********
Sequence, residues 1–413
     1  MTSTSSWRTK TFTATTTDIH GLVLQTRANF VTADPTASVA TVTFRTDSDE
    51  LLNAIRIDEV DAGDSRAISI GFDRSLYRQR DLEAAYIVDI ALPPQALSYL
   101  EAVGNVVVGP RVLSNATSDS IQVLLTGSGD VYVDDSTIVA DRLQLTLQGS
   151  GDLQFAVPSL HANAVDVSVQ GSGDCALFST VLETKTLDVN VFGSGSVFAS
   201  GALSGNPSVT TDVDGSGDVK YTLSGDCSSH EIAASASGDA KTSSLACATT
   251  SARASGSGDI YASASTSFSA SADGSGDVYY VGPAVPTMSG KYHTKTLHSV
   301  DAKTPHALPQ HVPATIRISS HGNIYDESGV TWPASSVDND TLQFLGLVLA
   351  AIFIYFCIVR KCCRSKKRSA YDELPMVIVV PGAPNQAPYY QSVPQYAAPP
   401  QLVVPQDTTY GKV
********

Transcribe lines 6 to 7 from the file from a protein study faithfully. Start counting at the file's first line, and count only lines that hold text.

   201  GALSGNPSVT TDVDGSGDVK YTLSGDCSSH EIAASASGDA KTSSLACATT
   251  SARASGSGDI YASASTSFSA SADGSGDVYY VGPAVPTMSG KYHTKTLHSV